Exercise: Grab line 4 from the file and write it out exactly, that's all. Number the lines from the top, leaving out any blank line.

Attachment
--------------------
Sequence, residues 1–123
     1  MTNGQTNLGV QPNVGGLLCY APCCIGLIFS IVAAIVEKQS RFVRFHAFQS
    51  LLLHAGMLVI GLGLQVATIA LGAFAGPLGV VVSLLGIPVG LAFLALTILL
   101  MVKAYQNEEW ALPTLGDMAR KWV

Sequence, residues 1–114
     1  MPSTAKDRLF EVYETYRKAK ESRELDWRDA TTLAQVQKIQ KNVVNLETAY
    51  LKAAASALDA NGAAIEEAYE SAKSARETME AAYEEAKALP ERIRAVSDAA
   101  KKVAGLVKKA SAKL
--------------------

   101  MVKAYQNEEW ALPTLGDMAR KWV